The UK government has released more information about its plans to launch an independent research agency that will focus on funding high-risk, high-reward science. Researchers and science-policy experts have welcomed the update, but warn that the plan still lacks detail, and that the new funding body’s purpose is unclear.
The agency is modelled on the United States’ Defense Advanced Research Projects Agency (DARPA), which helped to develop pioneering technologies such as the Internet and GPS.
The government announced plans to launch a UK equivalent in 2020, but did not spell out exactly how the agency would be run or the kind of research it would support. On 19 February, it released further details, saying that the new body — to be called the Advanced Research and Invention Agency (ARIA) — will free scientists from the checks and balances of the conventional grant system so that research can be funded quickly and flexibly.
Adding diversity to the research funding system is a good thing, says Kieron Flanagan, a science and technology policy researcher at the University of Manchester, UK. But he questions how much impact the agency can really have. “No doubt ARIA will do interesting and exciting things at the project level — it’s just not likely to be transformative by itself,” he says.
Public research funding in the United Kingdom is currently overseen by UK Research and Innovation (UKRI), an umbrella organization that includes seven discipline-specific research councils and an innovation funding agency called Innovate UK. But the UK government has been eyeing a chance to create its own version of DARPA for several years, and the idea featured in the ruling Conservative Party’s 2019 election manifesto.
Following a parliamentary inquiry, Members of Parliament (MPs) suggested that the agency could play an important part in the research funding system, but warned that the organization was a “brand in search of a product”. They called for it to focus on research that had a clear mission to solve a problem, such as clean energy.
In the most recent announcement, the government says ARIA will be led by “visionary researchers” who will “identify and back the most ambitious, cutting-edge areas of research and technology”. The agency will trial different mechanisms for dishing out funding, such as programme grants, seed funding and prize incentives.
An initial pot of £800 million (US$1.1 billion), announced in the United Kingdom’s 2020 budget, will fund ARIA for its first few years. The cash is ring-fenced and will not come out of the country’s main science budget overseen by UKRI. Ministers say that this will make the agency more tolerant of failure than are conventional research-funding streams in Britain, by easily starting or stopping funding for projects according to their success.
But the funding amounts to just 1–2% of the country’s science budget, raising questions about how transformative it can be. “This is not an enormous amount of money,” says James Wilsdon, a science-policy researcher at the University of Sheffield, UK, adding that ARIA will have to be selective in what it funds. As yet, there is no information about what specific scientific projects or disciplines might be supported.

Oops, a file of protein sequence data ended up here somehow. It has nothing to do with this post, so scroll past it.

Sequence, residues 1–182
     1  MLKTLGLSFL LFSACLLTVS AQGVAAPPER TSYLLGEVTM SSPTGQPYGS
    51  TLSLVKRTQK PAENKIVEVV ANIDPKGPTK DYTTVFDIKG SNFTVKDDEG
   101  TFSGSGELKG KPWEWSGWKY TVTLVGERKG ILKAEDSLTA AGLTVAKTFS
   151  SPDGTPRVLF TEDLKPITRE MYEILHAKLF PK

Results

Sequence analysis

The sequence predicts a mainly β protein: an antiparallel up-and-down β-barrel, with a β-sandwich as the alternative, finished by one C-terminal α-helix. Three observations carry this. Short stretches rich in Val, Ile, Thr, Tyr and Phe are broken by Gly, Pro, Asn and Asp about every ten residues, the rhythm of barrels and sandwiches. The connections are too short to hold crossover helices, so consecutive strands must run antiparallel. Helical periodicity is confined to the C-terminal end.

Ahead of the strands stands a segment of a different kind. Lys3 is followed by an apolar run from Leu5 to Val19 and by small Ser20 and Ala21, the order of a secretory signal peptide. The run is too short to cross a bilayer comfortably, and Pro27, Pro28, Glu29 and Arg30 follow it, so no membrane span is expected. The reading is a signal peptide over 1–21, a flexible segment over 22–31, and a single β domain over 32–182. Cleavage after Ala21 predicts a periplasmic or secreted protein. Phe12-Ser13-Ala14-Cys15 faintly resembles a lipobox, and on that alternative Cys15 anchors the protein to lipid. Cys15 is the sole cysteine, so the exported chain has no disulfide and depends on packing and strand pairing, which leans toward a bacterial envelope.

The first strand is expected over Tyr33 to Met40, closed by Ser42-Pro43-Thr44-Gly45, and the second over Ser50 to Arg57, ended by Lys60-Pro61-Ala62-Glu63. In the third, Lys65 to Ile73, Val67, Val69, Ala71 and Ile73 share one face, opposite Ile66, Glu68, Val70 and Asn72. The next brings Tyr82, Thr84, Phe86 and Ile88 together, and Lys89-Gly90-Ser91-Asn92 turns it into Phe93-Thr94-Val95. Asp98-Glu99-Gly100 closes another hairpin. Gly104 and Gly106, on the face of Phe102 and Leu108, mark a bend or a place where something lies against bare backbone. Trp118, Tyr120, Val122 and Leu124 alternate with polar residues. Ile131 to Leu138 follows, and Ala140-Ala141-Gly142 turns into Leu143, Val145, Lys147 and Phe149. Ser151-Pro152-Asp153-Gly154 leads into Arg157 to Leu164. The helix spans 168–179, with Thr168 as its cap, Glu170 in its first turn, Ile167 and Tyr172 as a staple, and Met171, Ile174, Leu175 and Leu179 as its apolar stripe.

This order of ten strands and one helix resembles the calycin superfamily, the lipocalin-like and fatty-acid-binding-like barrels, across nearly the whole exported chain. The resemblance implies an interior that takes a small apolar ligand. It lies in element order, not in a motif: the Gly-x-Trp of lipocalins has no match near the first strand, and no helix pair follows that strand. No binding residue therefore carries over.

Ruth McKernan, a former leader of Innovate UK, says that she would want ARIA to work like a venture-capital fund, in which investors expect only a few of the ideas funded to do well, and even fewer to make a significant return.
“That’s not the same mindset as there is for Innovate UK or UKRI,” she says. How ARIA plans to achieve this still “has to be explained”, she adds.
Researchers are also questioning whether the new agency will make a difference to the research landscape on a practical level.
Wilsdon disputes the idea that UK science is currently held back by bureaucracy. It is just four years since research funding in the country got a once-in-a-generation shake-up with the creation of UKRI. Much of the rationale for creating this mega-funder was to reduce bureaucracy in the funding system. “If these were the issues, why didn’t we address this when we reformed the system in 2017?” Wilsdon asks.
And he thinks that the checks and balances of existing systems, such as ethical and peer review for grant applications, offer protection against corruption and nepotism. “ARIA vests enormous power in the leadership of the new body. These individuals are given carte blanche to decide on the high-risk, high-reward areas of science which should be invested in,” he says.
Greg Clark, an MP and former business minister who chaired the parliamentary inquiry into setting up the new funding agency, acknowledges that there are still unanswered questions about what ARIA is meant to be and its purpose. “It’s not clear if it is a new institution that will conduct its own research and attract global scientific talent, or if it is another funding agency for researchers in existing organizations,” he says.
For the agency to work in the way that has been proposed, new legislation will need to pass through Parliament. There has been speculation that the agency will be exempt from freedom-of-information rules, and free from standard checks on government spending. The government’s Department for Business Energy and Industrial Strategy — which oversees science funding — declined a request to comment on this from Nature’s news team.
Wilsdon cautions that the creation of ARIA might be at least partly driven by politics. “It is selling Britain post-Brexit as a hotbed of creativity,” he says. “At the real nuts-and-bolts end of how to administer and run a research agency, I am still to be convinced that it will be worth the effort.”